But his does not mean that cinema theatres in a particular category of local area will always be at a disadvantage so as to be prejudicially affected by a uniform rate as compared to cinema theatres having a better location in the same local area. It is, therefore, not possible to accept the contention that the impugned provisions are violative of the right to equality guaranteed under Article 14 of the Constitution on the basis that unequals are being treated equally." Thus this Court had upheld the power of the Legislature to levy gross collections on the entertainment tax. Section 6-A reads as under:

"6-A(1) There shall be levied and paid to the State Government, a tax on an entertainment by video cassette recorded or video cassette player on television or video scope calculated at the following rates, namely:- (a) in any place of entertainment other than that mentioned in clause (b).

(I) within the limits of a local area, the population of which as ascertained at the last preceding census and notified by the State Government in the official gazette after such census is more than 1,00,000, two rupees per seat in such place of entertainment:

(II) within the limits of a local area, the population of which was ascertained at the last preceding census and notified by the State Government in the official gazette after such census is more than 50,000 but not more than 1,00,000, on rupee per seat in such place of entertainment.

(III) in any other area, seventy paise per seat in such place of entertainment.

(b) in any omnibus which is used to the State exclusively as contract carriage having provision for entertainment by video cassette recorder or video cassette player on television or videoscope, two rupees per seat in the omnibus.

(2) For the purpose of levy of tax under this section, it shall be presumed that (a) in the case of a place of entertainment falling under clause (a) of sub-section (1), a proprietor provides at least three entertainments on every day, and (b) in the case of any omnibus falling under clause (b) of sub- section (1), a proprietor provides at least one entertainment on every day; unless the proprietor otherwise informs the prescribed officer at such time and in such manner as may be prescribed.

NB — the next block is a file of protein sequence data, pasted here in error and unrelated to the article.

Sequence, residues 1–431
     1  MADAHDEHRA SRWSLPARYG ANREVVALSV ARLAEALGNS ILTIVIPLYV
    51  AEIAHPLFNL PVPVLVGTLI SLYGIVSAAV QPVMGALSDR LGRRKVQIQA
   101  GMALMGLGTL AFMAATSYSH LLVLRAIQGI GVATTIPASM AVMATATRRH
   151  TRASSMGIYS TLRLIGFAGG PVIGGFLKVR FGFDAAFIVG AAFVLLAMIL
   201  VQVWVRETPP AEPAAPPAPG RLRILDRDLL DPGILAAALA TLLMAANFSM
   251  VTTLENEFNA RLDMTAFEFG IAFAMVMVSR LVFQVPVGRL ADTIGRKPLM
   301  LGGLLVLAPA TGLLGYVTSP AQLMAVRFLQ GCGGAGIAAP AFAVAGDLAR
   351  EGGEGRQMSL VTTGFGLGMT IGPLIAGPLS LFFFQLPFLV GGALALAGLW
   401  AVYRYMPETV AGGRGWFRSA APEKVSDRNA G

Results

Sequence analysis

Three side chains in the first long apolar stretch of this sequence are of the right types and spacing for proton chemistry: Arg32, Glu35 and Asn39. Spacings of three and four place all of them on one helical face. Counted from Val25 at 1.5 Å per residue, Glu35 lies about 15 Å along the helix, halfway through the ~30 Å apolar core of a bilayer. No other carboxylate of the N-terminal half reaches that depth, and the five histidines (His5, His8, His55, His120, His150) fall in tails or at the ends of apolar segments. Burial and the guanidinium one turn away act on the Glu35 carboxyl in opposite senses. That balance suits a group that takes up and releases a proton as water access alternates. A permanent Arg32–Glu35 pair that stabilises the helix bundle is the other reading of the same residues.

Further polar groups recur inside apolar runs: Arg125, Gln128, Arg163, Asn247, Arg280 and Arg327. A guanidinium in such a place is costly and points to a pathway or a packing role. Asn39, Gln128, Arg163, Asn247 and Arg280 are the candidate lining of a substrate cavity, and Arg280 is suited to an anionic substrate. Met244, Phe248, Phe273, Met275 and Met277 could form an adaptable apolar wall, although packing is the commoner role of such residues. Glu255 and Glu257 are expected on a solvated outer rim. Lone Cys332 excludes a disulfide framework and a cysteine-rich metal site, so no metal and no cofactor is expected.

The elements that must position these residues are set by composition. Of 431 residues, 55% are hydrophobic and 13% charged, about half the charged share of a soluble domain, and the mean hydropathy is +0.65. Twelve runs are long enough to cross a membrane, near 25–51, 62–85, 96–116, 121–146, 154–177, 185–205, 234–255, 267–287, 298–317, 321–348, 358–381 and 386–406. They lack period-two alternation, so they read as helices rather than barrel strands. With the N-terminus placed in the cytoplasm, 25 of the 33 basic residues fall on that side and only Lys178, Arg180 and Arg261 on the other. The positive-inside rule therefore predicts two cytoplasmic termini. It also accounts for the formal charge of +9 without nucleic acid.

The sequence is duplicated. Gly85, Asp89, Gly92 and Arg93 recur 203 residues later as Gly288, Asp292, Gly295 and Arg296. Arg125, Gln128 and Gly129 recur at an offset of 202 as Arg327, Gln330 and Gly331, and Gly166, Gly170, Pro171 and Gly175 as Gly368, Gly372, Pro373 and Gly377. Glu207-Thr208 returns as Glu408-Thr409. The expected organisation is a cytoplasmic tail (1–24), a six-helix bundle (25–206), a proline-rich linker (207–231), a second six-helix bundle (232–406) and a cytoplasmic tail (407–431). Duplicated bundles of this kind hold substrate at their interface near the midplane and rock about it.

3(a) Notwithstanding anything contained in clause (a) of sub-sec. (I), every proprietor to whom any of the provisions of that clause apply shall have an option of payment of tax a the rates specified in clause (d) to be exercise as provided in clause (b) within ninety days from the date of the commencement of the Gujarat Entertainments Tax (Amendment) Act, 1984 and any person who become such proprietor after that date may exercise such option within sixty days from such date.

(b) A proprietor desiring to exercise an option referred to in clause (a) shall make an application to the prescribed officer in such form as may be prescribed, to permit him to make in lieu of amount of tax payable by him under clause (a) of sub-section (I), payment of tax at the rates specified in clause (d).

(c) On an application under clause (b), the prescribed officer may grant such permission and thereupon subject to clause (e) the payment of tax shall be made accordingly.

(d) where a proprietor has been permitted to pay tax under clause (c) he shall be liable to pay monthly at the following rates, namely:- In the case of a place of entertainment within the local limits of a local area referred to - (1) in sub clause (I) of clause (a) of sub-section (1) - (i) five rupees per seat per day where the proprietor has declared that he holds not more than three entertainments per day; and (ii) six rupees per seat per day where the proprietor has declared that he holds more than three entertainments per day;

(2) in sub-clause (II) of clause (a) of sub-section (1) (i) three rupees per seat per day where the proprietor has declared that he holds not more than three entertainments per day; and (ii) four rupees per seat per day where the proprietor has declared that he holds more than three entertainments per day, (e) A proprietor who has opted for payment of tax under clause (a), may at any time but not before the expiry of a period of twelve months, by a notice in such form as may be prescribed, addressed to the prescribed officer, revoke his option from the commencement of any month following that in which the notice is given.

(4) For the purpose of levy of tax under sub-section (1) every proprietor shall furnish such returns to the prescribed officer in such manner or such period and before such date as may be prescribed.

(5) Save as otherwise provided in sub-sections (1) to (4), the provisions of this Act (except sections 3, 4 and 6) and the rules made thereunder shall, so far as may be, apply in relation to the tax livable under sub-section (1) as they apply in relation to the tax livable under sections 3 and 4;